Cerebral palsy results from an early brain injury or a disturbance in brain development during pregnancy or birth or shortly thereafter.

CP is the No. 1 cause of motor disability in children, affecting one in 323 children in the United States, although a large adult population also is affected by CP. Because CP has different levels of severity, people with the condition require different kinds and levels of support.

Much can be done to help children with CP. Parents often are scared and do not know what to do after their children are diagnosed, which is why educational programs such as the Blazing New Trails town hall event that was June 3 at Children’s Healthcare of Atlanta are important.

Parents must learn to be strong advocates for their children in clinical, academic and community settings. The best way to help children with CP is to stay educated and keep up with the latest updates in care.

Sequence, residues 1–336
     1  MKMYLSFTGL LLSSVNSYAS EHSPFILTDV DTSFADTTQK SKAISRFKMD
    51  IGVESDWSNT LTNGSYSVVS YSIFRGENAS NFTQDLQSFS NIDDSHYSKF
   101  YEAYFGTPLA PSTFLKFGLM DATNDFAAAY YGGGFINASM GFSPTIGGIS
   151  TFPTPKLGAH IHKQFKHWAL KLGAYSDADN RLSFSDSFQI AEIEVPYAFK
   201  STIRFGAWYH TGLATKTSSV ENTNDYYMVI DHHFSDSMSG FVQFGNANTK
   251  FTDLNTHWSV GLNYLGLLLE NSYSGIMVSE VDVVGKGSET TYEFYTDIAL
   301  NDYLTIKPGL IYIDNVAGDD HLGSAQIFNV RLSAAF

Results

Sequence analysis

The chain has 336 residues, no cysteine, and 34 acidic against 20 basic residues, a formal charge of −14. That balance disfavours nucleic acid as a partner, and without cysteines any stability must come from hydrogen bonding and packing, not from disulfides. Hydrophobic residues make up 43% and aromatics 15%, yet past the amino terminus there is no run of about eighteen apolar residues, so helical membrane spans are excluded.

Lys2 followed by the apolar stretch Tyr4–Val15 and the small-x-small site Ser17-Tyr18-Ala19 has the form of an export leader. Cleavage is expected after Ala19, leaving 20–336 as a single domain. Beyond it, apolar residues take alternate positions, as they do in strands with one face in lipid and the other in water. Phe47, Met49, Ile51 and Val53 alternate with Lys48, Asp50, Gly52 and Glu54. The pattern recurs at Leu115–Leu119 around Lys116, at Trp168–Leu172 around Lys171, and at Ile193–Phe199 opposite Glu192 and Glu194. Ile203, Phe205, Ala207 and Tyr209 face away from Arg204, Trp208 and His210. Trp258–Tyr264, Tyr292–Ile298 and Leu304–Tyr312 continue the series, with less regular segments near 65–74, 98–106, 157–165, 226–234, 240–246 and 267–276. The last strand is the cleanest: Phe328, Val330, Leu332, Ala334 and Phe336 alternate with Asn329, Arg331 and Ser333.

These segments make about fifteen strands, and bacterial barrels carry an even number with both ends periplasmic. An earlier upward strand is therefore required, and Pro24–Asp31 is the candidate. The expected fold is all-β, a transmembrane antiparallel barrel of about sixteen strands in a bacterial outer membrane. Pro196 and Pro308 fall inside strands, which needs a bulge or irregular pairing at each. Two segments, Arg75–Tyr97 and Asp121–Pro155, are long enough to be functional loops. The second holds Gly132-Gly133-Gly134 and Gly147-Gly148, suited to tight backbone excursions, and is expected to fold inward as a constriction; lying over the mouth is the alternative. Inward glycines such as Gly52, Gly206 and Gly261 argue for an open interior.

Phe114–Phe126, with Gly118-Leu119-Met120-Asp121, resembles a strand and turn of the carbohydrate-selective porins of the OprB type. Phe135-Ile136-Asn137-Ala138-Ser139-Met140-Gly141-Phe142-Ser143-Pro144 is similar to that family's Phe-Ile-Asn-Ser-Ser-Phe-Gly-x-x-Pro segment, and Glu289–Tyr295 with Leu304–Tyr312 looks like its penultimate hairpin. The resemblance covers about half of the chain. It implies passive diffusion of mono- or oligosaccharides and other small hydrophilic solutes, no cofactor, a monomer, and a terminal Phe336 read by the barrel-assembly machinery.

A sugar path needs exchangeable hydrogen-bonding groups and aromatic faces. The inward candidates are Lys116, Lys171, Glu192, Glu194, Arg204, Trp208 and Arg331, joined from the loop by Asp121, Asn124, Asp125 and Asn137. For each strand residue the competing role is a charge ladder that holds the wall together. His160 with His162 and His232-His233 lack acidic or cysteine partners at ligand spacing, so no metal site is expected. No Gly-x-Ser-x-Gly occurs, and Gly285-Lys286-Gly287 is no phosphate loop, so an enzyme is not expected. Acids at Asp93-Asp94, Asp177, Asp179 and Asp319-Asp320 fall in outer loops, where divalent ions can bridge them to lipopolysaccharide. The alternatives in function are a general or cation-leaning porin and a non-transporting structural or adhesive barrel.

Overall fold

The goal of Blazing New Trails, a program of BlazeSports America, is to educate people with CP and their families about updates in management, physical therapies and adaptive technologies that could help children with CP and lower limb spasticity.

The town hall at Children’s included a panel discussion with parents, clinicians, therapists and researchers. It offered attendees the chance to ask questions and pick up information from CP and disability groups, among other organizations.

There are many misconceptions about CP, and the abilities of people with CP are often underestimated. CP is commonly misunderstood because its severity and symptoms can vary widely. National CP Awareness Day (March 25) and programs such as Blazing New Trails are the first steps in promoting a better understanding of CP and advocating greater accessibility for CP patients and their families.

For more Atlanta-based resources for families dealing with CP, visit the following: